The Two Spirits of Kobudo
One staple of a good movie fight scene is a hero or villain working their way through a myriad of weapons. They might start off with knife, but that will get kicked out of their hand, leaving them defenseless until they grab a nearby pool cue. Once that breaks they eventually find their way to a chair, and so on.
You’ll find this classic situation popping up in all kinds of martial arts movies. Take this scene from Bruce Lee’s “Enter the Dragon”:
In a mere three minutes we are treated to Bruce’s skill in open hand fighting, bo, escrima style sticks, and nunchaku.
Most of the time this is done just to keep the audience interested. However, the idea of being able to use multiple weapons effectively is intriguing and warrants a little deeper investigation.
When discussing the use of a weapon, I generally break things down into two “spirits”: the spirit of kobudo combat, and the spirit of the weapon itself. Each are equally important when endeavoring to maximize your ability to utilize tools as a means of enhanced life protection.
The Spirit of Kobudo Combat
When fighting with weapons (especially against other weapons) damage can accrue quickly. Certainly empty hand fighting can be lethal, but adding the force and physics of a weapon increases the likelihood of being mortally injured. Bearing that in mind the spirit of kobudo combat must always be one of a brief and fatal meeting.
As such there are certain matters that require special attention to achieve success. Stancing must be used in a manner that reveals as few targets as possible to the opponent, even if it means narrowing traditional stances. Centerline control must be so precise that there is only a razor’s edge allowance for error.
The need for control of distance and timing in kobudo is paramount as opportunity occurs in a moment’s notice. Nowhere is the idea of ichigo ichie more apparent.
Understanding the spirit of kobudo combat means building a solid foundation of principle and concept.
The Spirit of the Weapon Itself
Although all weapons share commonalities in fighting, each also has it’s own unique set of strengths and weaknesses. Understanding how best to use the weapon means understanding the spirit of the weapon itself.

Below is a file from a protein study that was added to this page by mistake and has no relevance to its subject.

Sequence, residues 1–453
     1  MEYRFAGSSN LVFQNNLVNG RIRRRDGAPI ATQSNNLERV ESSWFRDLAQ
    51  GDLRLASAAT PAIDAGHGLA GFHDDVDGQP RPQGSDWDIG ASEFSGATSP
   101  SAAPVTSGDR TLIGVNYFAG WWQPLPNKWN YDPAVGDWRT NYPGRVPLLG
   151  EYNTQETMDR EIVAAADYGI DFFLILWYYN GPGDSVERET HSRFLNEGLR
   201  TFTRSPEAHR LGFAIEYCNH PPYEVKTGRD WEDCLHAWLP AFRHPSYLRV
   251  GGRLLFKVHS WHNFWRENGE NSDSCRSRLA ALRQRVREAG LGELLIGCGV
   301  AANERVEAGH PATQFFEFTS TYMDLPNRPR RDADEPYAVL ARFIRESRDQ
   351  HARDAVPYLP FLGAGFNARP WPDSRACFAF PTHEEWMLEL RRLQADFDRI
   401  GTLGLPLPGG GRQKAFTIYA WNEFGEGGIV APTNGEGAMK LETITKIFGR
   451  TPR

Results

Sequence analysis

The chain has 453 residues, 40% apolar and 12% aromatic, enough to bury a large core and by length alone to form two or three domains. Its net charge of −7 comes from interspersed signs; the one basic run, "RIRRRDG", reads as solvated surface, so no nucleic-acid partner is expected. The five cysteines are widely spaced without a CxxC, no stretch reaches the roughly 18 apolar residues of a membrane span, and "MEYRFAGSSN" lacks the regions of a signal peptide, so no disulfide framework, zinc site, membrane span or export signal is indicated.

An Array of Weapons From Okinawa Kenpo
Long range implements are capable of different tactics than short range ones, which can be broken down further into wooden weapons vs metal weapons, bladed vs non-bladed, and so on. Properly assessing these capabilities will allow you to stay within your zones or strength while avoiding zones of weakness.
Just as an example of analyzing each weapon for its own unique qualities, consider the kama. The kama is weak when it comes to long range. A bo user can keep a kama user at bay and outside of the kama’s effective fighting distance. However, the kama’s unique hooking ability can control, manipulate and ensnare an opponent’s weapons or body parts in order to force a closure of distance and quickly dismantle vulnerable and hard-to-access parts of the body.
The winner in any match is determined by whomever is in better command of themselves and their weapon.
Open Hand / Weapons Separate and as One
I’ve come to believe that the spirit of kobudo is the same as the spirit of karate, with very minimal differences. The importance of centerline, distance, timing, kiai, kokoro, etc. are all present in both methods of life protection. The emphasis and execution will vary, but both systems will ultimately augment each other and spur on a practitioner’s growth as a complete artist.
An example – in sparring we often find it acceptable to take a few blows knowing that we can bounce back and try again. In weapons combat it becomes intensely obvious that a single mistake will result in real life injury. This is an excellent mindset to transfer to self defense. Conversely, training in empty hand can teach us how to move the body quickly and utilize all eight of our attached weapons (hands, feet, knees, elbows) even when one or more weapon is occupied. This resiliency and creativity can be lost when using a single weapon all the time.
It should be noted that the spirit of a weapon itself is something that cannot be faked or assumed through other means. If you wish to learn how to use a kama-like weapon effectively, you must practice with the kama. If you wish to use the sword effectively, you must practice with the sword.
As such, kobudo is both exclusive and inclusive in the realm of martial arts.